Exit polls and first projections are due as of 5 p.m. CEST (11 a.m. ET) Sunday; the interior minister usually declares a preliminary result around 7:30 p.m. (1:30 p.m. ET), according to Carsten Nickel, deputy director of research at Teneo Intelligence.

"This will, however, exclude postal votes, which will only be counted on 16 October… (although) the power balance between the large parties should be clear relatively soon on Sunday evening. Even a center-left coalition of all three small parties with the SPO would have no chance of overtaking the OVP and FPO," Nickel said in a note Wednesday.

What does it mean for Europe?

While the far-right Freedom Party, led by Heinz-Christian Strache, now explicitly rejects Oxit (Austria's exit from the EU) it remains broadly euroskeptic, according to JPMorgan's Fuzesi, arguing for deeper European Union and euro zone reform, clearer division of responsibility between the EU and member states, and reduced EU bureaucracy.

An over painted election poster of the election candidate chairman of the Freedom Party of Austria (FPOe) Heinz-Christian Strache is pictured in Vienna, Austria on October 02, 2017, ahead of snap parliamentary elections on October 15.
JOE KLAMAR/AFP/Getty Images
An over painted election poster of the election candidate chairman of the Freedom Party of Austria (FPOe) Heinz-Christian Strache is pictured in Vienna, Austria on October 02, 2017, ahead of snap parliamentary elections on October 15.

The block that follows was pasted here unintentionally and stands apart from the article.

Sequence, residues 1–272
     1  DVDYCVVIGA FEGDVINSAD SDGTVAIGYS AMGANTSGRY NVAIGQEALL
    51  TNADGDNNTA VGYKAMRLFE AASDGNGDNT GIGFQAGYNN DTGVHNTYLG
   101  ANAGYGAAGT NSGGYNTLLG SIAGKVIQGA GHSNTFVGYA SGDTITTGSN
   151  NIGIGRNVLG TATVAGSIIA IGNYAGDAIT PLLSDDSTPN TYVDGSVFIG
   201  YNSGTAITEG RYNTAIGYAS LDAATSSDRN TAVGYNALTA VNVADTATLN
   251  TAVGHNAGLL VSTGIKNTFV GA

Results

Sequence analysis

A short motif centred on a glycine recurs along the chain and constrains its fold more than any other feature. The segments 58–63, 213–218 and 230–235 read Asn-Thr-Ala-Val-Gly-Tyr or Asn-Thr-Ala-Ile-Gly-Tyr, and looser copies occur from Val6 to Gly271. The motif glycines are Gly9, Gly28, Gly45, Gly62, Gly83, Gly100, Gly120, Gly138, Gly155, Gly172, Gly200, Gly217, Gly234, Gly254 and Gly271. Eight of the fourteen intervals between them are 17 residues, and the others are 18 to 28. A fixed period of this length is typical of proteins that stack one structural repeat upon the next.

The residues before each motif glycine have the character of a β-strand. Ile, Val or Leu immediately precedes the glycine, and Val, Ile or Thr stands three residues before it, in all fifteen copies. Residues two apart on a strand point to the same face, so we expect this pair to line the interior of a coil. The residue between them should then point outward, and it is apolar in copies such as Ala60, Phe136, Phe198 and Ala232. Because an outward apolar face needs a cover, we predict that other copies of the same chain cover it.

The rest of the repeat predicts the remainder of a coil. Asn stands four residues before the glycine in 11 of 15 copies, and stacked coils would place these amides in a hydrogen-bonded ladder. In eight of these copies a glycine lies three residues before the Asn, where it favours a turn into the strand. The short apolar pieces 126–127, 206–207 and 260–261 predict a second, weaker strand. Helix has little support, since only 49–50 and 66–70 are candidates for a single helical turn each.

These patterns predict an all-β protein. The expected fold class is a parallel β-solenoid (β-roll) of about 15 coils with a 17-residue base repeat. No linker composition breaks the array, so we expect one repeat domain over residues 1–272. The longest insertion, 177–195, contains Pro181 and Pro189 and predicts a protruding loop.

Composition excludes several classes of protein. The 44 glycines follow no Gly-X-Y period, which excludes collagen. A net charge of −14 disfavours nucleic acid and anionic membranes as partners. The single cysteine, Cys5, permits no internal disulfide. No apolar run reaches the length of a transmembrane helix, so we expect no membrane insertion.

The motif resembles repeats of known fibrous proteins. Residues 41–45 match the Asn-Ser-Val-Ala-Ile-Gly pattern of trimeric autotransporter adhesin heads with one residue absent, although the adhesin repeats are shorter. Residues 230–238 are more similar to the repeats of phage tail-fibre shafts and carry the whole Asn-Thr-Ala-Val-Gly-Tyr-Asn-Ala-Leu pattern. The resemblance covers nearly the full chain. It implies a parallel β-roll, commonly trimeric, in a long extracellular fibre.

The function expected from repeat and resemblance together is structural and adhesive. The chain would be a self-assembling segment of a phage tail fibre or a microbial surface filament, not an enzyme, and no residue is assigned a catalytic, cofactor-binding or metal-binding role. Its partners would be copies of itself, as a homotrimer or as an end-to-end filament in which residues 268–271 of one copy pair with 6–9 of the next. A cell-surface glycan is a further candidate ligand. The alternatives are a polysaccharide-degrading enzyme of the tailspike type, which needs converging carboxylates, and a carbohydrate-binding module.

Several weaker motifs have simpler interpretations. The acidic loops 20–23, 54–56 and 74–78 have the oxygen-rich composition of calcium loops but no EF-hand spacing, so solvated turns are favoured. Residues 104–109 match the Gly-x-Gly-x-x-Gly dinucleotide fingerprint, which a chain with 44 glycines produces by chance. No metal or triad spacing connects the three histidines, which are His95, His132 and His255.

"Overall, we suspect that Austria will support EU reform, but will take a stance that is similarly cautious to that of Germany," Fuzesi said, adding that the anti-immigration (and mainly anti-Islam) party would likely maintain its "harder line… in managing integration in Austria and the EU's external borders."

Should we be worried?

Other economists have warned that the election is not being given enough attention despite the fact that another populist party was expected to re-enter government.

"The parliamentary election on October 15 has so far not been on Europe's radar screen. Wrongly so, as Austria could become (once again) the first core euro zone country with a populist party in government," Carsten Brzeski, chief economist at ING in Germany, said in a note Monday.

"At the end of a year in which populist parties had threatened the survival of the entire euro zone, the Austrian election could be an interesting hint for the entire euro zone: populism is not dead but the next stage of populism is acceptable populism," he said.

Brzeski added that the Austrian election could be "an important and interesting hint and precedent for the rest of the euro zone."